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spooltime

Preventative Maintenance for the Long Haul

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My CTTS is currently showing around 86K on the odometer and knowing that I plan to keep this beautiful vehicle "forever", I'm wondering what things I should do now to get and stay ahead of the preventative maintenance curve. It's already had virtually all of the usual items like coolant pipes and cardan shaft already done.

I've read somewhere that the water pump and thermostat are candidates for planned replacement, and it would make sense to install new "T" hoses at the same time, and then cap it off with a coolant refresh. I'm not having any issues now, but is there a "recommended" mileage for doing a preventative water pump replacement and related item?

Any other items that typcially fail in the 85K - 100K mileage range that I should consider replacing?

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On top of what you've listed, I'd do the coolant reservoir cap, coolant temp sensor, primary oxygens sensors, water pump, thermostat, power steering flush (and all fluids, actually). It's what I'll be doing and I'm at 100K miles. Most oxygen sensors start to decay and reach their life expectancy at 100K miles. They could go another 50K miles before throwing a code, but Bosch states that their usefulness is up around 100K miles, and it's what I've experienced on other cars. You could probably check your long term fuel trim numbers to check, but it's a wear item. So, do it now or do it later - you'll need to replace them at some point. I'd rather do it ahead of time before getting a misfire and having to start down a lengthy troubleshooting process.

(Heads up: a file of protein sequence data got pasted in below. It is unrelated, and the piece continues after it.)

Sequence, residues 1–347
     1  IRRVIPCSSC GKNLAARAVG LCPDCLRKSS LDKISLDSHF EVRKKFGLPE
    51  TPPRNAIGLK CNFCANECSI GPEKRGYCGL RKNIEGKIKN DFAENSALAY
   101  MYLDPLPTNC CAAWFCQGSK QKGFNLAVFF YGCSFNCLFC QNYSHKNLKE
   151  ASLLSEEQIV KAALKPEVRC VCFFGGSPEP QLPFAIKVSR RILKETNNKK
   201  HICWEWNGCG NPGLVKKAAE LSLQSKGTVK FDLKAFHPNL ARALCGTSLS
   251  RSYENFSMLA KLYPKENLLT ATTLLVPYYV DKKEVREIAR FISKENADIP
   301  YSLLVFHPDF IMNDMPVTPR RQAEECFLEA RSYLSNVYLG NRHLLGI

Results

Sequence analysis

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Congrats! I'd start looking after 100K at all of the Rubber bushings in the suspension - upper and rear control arms front and back, engine torque arm. Gas tank vent line, brake booster air line.(all of these plastic lines will end up failing eventually) Mine made it past 175K and needed all I have mentioned plus CV's all the way around as well as a few wheel bearings.

Cheers!

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Congrats! I'd start looking after 100K at all of the Rubber bushings in the suspension - upper and rear control arms front and back, engine torque arm. Gas tank vent line, brake booster air line.(all of these plastic lines will end up failing eventually)

Good points! I wasn't thinking about suspension related items, but should have been. I've already replaced the engine torque arm. Those things are lucky if they last 50K miles.

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All good ideas but....most of the items mentioned are things that start to go slowly and give you signs of failure, and most don't hurt the motor. O2 sensors are a replacement item and will default to a rich rather (safe) rather than lean condition on failure and throw a specific code (which is not to say don't replace by 100K, I have all 4 in my shop waiting to go but only 70K on my CTTS so I'm going to wait). Coolant cap-replace the whole resevoir as they tend to be a common failure after 7 or 8 years (new one comes with a new cap). CV's & Wheel bearings and suspension bushings almost always give signs of failures (Clunking or groaning CV's. Groaning/wining for wheel bearings, squeaks or clunking for suspension bushings). Now Water pump and thermostat can be one of those things that go on and on or can fail in short order and leave you stranded. But the sooner you do them the sooner the clock is ticking for next time along with something as simple as the Serpentine belt (always replace the tensioner or no more than two belts to one tensioner replacement) can leave you stranded.